The effects of optical illusions in perception and action in peripersonal and extrapersonal space

Research output: Contribution to JournalArticleAcademicpeer-review

Abstract

While the two visual system hypothesis tells a fairly compelling story about perception and action in peripersonal space (i.e., within arm's reach), its validity for extrapersonal space is very limited and highly controversial. Hence, the present purpose was to assess whether perception and action differences in peripersonal space hold in extrapersonal space and are modulated by the same factors. To this end, the effects of an optic illusion in perception and action in both peripersonal and extrapersonal space were compared in three groups that threw balls toward a target at a distance under different target eccentricity (i.e., with the target fixated and in peripheral field), viewing (i.e., binocular and monocular viewing), and delay conditions (i.e., immediate and delayed action). The illusory bias was smaller in action than in perception in peripersonal space, but this difference was significantly reduced in extrapersonal space, primarily because of a weakening bias in perception. No systematic modulation of target eccentricity, viewing, and delay arose. The findings suggest that the two visual system hypothesis is also valid for extra personal space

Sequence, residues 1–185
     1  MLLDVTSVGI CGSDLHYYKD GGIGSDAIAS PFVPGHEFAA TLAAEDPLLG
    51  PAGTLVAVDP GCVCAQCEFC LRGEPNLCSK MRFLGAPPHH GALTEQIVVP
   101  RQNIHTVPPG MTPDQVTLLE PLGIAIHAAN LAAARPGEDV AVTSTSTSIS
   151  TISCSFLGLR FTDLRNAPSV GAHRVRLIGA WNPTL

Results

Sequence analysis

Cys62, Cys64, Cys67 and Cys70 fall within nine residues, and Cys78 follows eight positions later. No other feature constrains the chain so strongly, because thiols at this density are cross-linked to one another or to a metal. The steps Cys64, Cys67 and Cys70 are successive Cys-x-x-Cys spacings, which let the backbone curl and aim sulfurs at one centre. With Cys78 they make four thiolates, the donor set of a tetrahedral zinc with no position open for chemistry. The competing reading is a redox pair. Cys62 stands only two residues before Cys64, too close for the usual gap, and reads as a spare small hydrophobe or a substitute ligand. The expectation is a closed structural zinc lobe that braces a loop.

Original languageEnglish
Pages (from-to)1118-1126
Number of pages9
JournalPerception
Volume46
Issue number9
DOIs
Publication statusPublished - Sep 2017

Keywords

  • Binocular vision
  • Perception
  • Spatial vision
  • perception or action

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